In the 1970s it was Mr Rabbani who founded the parties that ended up becoming the Afghan mujahideen who took on the Soviets, and many blame him and his friends for the death and destruction of the civil war days.

Although people will mourn his violent death, there are also many who will celebrate it, our correspondent adds.

However, analysts say, his death will not necessarily prevent peace talks from continuing.

The killing is the latest in a series of assassinations of senior politicians and security commanders across the country.

In July, President Karzai's half-brother Ahmed Wali Karzai was killed at his home in Kandahar, southern Afghanistan, by his own head of security. Two months earlier, Gen Daud Daud, the top police commander in northern Afghanistan was killed in a suicide bomb attack.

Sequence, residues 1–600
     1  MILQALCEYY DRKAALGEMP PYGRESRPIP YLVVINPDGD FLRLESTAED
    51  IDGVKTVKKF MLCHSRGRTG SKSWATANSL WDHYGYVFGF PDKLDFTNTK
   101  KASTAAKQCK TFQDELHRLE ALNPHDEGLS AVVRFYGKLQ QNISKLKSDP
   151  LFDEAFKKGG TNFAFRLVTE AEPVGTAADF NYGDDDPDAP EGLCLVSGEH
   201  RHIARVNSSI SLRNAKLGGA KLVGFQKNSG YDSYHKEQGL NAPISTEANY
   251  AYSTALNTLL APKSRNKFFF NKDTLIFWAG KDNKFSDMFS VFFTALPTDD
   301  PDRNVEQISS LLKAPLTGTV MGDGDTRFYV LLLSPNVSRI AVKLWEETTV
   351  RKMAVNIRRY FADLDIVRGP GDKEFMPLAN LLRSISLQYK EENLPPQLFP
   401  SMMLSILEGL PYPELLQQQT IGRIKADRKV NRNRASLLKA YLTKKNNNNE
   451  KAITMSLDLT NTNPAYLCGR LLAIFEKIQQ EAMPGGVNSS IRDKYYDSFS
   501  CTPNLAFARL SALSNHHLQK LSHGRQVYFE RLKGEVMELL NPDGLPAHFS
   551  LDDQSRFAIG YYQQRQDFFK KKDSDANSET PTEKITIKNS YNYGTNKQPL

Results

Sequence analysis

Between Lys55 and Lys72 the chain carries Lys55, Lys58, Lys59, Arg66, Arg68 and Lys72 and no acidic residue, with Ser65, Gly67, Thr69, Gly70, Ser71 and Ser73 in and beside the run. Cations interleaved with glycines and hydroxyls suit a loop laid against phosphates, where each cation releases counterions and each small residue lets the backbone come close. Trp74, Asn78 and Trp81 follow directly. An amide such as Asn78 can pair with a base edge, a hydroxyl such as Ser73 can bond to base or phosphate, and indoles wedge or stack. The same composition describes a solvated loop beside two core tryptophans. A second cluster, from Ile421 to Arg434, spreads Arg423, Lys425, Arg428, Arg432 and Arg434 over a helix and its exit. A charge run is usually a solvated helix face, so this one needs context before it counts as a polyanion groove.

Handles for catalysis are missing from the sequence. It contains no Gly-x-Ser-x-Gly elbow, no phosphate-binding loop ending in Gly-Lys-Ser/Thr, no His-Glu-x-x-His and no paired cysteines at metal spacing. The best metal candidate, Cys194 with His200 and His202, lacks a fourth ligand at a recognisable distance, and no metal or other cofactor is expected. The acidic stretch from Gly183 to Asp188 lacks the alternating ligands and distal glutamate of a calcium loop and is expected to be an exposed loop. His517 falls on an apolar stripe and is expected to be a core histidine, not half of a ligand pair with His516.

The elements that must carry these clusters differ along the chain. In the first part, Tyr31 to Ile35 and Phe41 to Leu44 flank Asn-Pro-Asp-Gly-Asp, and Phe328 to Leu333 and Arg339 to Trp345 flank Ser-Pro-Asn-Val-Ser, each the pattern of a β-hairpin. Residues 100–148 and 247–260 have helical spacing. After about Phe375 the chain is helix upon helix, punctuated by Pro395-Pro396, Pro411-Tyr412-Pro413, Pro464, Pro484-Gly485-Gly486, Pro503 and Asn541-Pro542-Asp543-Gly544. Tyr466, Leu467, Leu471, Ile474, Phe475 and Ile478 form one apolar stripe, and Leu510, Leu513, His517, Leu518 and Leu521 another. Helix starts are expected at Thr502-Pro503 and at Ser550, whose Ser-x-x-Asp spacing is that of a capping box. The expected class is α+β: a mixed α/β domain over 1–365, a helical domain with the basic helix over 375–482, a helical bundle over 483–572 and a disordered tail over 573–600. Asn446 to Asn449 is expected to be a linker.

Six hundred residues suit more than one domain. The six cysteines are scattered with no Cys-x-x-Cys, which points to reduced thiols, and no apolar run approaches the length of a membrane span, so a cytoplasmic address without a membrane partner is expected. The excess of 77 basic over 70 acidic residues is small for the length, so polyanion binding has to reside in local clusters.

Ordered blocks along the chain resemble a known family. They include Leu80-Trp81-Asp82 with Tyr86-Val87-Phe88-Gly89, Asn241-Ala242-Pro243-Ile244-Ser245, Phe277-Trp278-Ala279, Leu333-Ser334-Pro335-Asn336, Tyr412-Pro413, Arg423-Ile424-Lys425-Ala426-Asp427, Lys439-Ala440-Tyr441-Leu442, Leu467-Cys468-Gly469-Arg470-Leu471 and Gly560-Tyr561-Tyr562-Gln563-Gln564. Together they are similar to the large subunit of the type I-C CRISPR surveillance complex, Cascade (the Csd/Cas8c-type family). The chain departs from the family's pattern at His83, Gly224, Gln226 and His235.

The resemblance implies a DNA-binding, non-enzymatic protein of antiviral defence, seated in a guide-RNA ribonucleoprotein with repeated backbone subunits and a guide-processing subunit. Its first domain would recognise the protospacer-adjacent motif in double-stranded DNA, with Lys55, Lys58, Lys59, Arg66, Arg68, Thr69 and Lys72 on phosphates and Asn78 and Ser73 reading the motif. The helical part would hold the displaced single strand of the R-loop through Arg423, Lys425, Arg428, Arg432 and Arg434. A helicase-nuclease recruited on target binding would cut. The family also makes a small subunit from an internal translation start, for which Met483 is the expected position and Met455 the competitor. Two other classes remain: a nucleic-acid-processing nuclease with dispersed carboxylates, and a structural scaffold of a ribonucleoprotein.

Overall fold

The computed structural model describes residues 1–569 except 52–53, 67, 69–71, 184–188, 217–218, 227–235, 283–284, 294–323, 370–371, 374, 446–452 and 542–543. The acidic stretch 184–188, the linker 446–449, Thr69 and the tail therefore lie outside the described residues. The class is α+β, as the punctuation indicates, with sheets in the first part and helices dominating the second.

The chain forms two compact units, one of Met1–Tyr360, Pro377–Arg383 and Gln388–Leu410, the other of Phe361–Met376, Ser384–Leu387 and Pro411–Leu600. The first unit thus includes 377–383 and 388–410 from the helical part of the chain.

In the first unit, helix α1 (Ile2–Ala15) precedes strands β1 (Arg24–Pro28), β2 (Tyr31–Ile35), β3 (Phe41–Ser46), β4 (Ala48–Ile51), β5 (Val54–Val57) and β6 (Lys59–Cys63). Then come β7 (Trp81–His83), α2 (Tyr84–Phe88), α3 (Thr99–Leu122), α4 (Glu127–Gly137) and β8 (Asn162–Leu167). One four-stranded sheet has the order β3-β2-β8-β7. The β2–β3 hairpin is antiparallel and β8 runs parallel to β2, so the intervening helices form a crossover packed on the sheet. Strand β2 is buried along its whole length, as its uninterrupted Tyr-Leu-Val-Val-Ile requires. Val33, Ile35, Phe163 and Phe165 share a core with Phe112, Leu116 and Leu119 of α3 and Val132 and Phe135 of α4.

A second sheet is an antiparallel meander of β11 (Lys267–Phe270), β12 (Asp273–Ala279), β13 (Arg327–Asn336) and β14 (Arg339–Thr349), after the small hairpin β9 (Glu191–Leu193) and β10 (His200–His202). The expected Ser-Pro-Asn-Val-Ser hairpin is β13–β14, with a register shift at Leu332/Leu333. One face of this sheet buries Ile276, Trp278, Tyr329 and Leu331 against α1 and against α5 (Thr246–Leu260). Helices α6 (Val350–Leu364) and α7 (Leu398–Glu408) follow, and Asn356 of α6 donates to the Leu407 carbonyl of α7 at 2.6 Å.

The Taliban have claimed responsibility for most of these killings.

More South Asia stories

RSS

Features

  • Two women in  JohanesburgYour pictures

    Readers' photos on the theme of South Africa


  • Worcestershire flagFlying the flag

    Preserving the identities of England's counties


  • Female model's bottom in leopard skin trousers as she walks up the catwalkBum deal

    Why budget buttock ops can be bad for your health


  • The OfficeIn pictures

    Fifty landmark shows from 50 years of BBC Two


  • French luxury Tea House, Mariage Freres display of tea pots Tea for tu

    France falls back in love with tea - but don't expect a British cuppa


BBC © 2014 The BBC is not responsible for the content of external sites. Read more.

This page is best viewed in an up-to-date web browser with style sheets (CSS) enabled. While you will be able to view the content of this page in your current browser, you will not be able to get the full visual experience. Please consider upgrading your browser software or enabling style sheets (CSS) if you are able to do so.